Currently a Senior Software Engineer for FirstPaper, LLC, a start-up in the world of digital media, Stephen brings his varied 15-year-plus experience as a former practicing Architect, CAD Manager, IT Technologist, Software Engineer, CTO, and consultant to the design and delivery of Software Engineering Solutions.Stephen is an active contributor to several Open-Source Software projects including NHibernate, NDbUnit, and others as well having developed a number of Visual Studio productivity add-ins. Active in the local NYC software development community, Stephen speaks publicly, blogs regularly, and is the author of several popular screencast series focused on Agile and ALT.NET concepts and technologies including the widely-praised 15-part Summer of NHibernate video series introducing viewers to the popular open-source O/RM tool and the Autumn of Agile series that takes viewers through the design, planning, and construction of an entire .NET project in an Agile context. He is also a contributor of a number of shorter screencasts available on Dimecasts.NET and elsewhere. Stephen is also a founding/organizing member of the NYC ALT.NET user group which meets monthly to discuss Agile-focused techniques and technologies in the world of Microsoft software development and beyond.
  • Jess Chadwick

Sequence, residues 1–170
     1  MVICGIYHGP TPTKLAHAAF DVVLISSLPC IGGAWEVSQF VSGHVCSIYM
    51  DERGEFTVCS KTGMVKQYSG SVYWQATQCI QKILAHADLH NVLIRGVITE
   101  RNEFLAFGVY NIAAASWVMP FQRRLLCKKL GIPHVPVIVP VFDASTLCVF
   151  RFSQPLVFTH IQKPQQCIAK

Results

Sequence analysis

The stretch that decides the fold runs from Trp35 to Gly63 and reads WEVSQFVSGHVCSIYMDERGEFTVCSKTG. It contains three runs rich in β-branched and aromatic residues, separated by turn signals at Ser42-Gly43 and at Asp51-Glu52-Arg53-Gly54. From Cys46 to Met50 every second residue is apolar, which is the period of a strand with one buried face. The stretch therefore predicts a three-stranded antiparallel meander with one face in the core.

Jess is an independent software consultant specializing in web technologies. He has over 9 years of development experience ranging from embedded devices in start-ups to enterprise-scale web farms at Fortune 500s. He is an ASPInsider, Microsoft MVP in ASP.NET, technical editor of the recently-released Silverlight 3 Programmers Reference (WROX) and leader of the NJDOTNET Central New Jersey .NET user group.
  • Sara Chipps
    Sara is a developer specializing in web applications, an irreverent blogger at GirlDeveloper.com, and a writer for Datamation.com. She enjoys participating in and organizing community events such as Code Camps and most recently NJ Tech Drinks and Concept Camp, an opportunity for nerds to go camping together.
  • Peter Laudati
    Peter Laudati, the "JrzyShr Dev Guy," is a Developer Evangelist with Microsoft, based in the New York/New Jersey area. One of his roles is supporting and educating Microsoft customers working with the .NET development platform. Peter supports the community of .NET developers in the NY Metro area by speaking at user group events and Code Camps. Peter is also the co-host of the “Connected Show”, a new podcast covering Microsoft technology with a focus on interoperability.  His blog can be found at http://www.peterlaudati.com.
  • Todd Snyder